President Joe Biden put rising prices front and center at the White House on Tuesday as he laid out his plan to fight inflation, which Republicans have pointed to as a major blemish on his record as Democrats head into the midterms this year.

What You Need To Know

  • President Joe Biden put rising prices front and center at the White House on Tuesday as he laid out his plan to fight inflation

  • Biden pointed to a three-part plan to combat rising prices, focusing on gas, everyday goods like food and prescription drugs and his tax proposal on the ultrawealthy

  • There are no straightforward steps that a president can take to force prices down, experts say, but Republicans have hammered Biden for his role in inflation, including Democrats' passage of a $1.9T COVID relief bill last year
  • A key report on consumer prices that hit a record high last month is expected to decrease on Wednesday when the latest monthly numbers are released

Biden on Tuesday pointed to a three-part plan to combat rising prices: lower the cost of gas and produce more energy at home, address the everyday costs of things like prescription drugs and food and ask Congress to impose a tax on the wealthiest Americans.

“I want every American to know that I'm taking inflation very seriously, and it's my top domestic priority,” Biden said. “My plan is to make concrete, common sense steps to bring down the biggest expenses that families are facing.”

He spoke on the same day that U.S. gas prices hit another record high of $4.374 per gallon and a day before a key monthly report on consumer prices was set to be published Wednesday.

The president once again drew contrast between his efforts and a Republican plan put forth by Sen. Rick Scott of Florida that could raise taxes on about 75 million Americans and end federal programs like Social Security.

“Republicans have offered plenty of blame, but not a single solution to actually bring down the energy prices,” Biden said Tuesday.

There are no straightforward steps that a president can take to force prices down, experts say.

“The effect the president can have on inflation is pretty limited, especially in the short run,” said Benjamin Page, a senior fellow at the Urban-Brookings Tax Policy Center. “Number one, it would take a while and the cooperation of Congress, and number two, I think it's just limited what you can do through tax and spending policy.”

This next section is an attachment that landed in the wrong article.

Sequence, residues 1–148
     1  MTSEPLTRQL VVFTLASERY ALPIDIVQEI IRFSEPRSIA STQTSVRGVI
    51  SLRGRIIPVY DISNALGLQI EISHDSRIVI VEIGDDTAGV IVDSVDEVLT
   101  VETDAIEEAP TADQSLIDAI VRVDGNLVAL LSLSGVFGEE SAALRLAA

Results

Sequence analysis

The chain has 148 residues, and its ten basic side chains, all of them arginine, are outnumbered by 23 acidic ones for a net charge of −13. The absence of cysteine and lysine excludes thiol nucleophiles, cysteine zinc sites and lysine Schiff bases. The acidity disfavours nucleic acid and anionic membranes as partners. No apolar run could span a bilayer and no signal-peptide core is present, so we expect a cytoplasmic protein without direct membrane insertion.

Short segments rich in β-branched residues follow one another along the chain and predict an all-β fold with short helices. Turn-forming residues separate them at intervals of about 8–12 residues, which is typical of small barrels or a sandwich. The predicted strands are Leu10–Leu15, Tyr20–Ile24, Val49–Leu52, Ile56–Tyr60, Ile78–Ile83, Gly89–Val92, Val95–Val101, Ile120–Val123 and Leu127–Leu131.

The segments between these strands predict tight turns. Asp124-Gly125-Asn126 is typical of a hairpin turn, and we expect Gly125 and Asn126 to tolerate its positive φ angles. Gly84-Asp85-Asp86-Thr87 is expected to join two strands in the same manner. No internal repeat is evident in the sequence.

Nevertheless, Biden on Tuesday pointed to some of his recent moves and the policy proposals he has put forward for Congress to help lower prices.

The president first highlighted his efforts to bring down the price of gas, including the authorization of an average release of 1 million barrels of oil per day from the U.S. Strategic Petroleum Reserve, which in coordination with allies is expected to put 240 million barrels on the market over the next six months.

Much of the disruption in the oil market has been recent and due to Russia’s invasion into Ukraine, Biden noted. The Consumer Price Index (CPI) for March showed a 8.5% increase in prices from the year prior, the highest in 40 years, after the U.S. sanctioned Russian oil.

The releases from the reserve have brought down prices slightly, but an announcement from European countries that they would also look at banning Russian oil has contributed to a new increase.

Biden on Tuesday also spoke about his efforts to bring down the cost of everyday goods like food, another sector impacted both by the war in Ukraine and pandemic-related kinks in the supply chain.

“Ukraine has 20 million tons of grain in storage in silos right now,” Biden said. “We're working with our European partners to get this food out into the world so it can help bring down prices. But it's difficult because, again, of Putin and the Russian invasion of Ukraine.”

On the supply chain front, some of the administration’s work has been successful to decrease backlogs at ports. But upgrading supply chain infrastructure and transitioning critical goods to domestic production will take significant time, two things Biden has focused on as well. He most recently traveled to Ohio to call for Congress to pass a bipartisan bill that would kickstart American manufacturing of critical semiconductor chips and boost U.S. innovation.

Other prices he can only try to lower with Congress' help, such as drug costs. Biden has called on lawmakers to pass legislation on prescription drug prices, such as a cap on the cost of insulin and a measure that would allow Medicare to negotiate drug prices with pharmaceutical companies.

That was part of his broader, multi-trillion domestic agenda which stalled on Capitol Hill, a package that also included efforts to subsidize child care costs and pay for pre-kindergarten.

But that kind of spending is exactly why Republicans knock Biden and Democrats, and they often say that the $1.9 trillion in spending on COVID-19 relief last year has been a major contributor to inflation. 

“They took an economy ready to soar, turned it around and drove it  into the ground,” said Minority Leader Mitch McConnelll, R-Ky., on the Senate floor on Tuesday. “The American people are hurting as a result.”

Page of the Tax Policy Center said government spending is a factor but not the only cause of rising prices.

“That was part of the story, but certainly a big part of the story was the other disruptions from the pandemic and disruptions to the supply chain,” he said.

Economists expect the CPI report to be released on Wednesday to show a slight decrease in average prices, partly because gas prices were more stable in April, Page said.

"I think our policies help, not hurt," President Biden said Tuesday.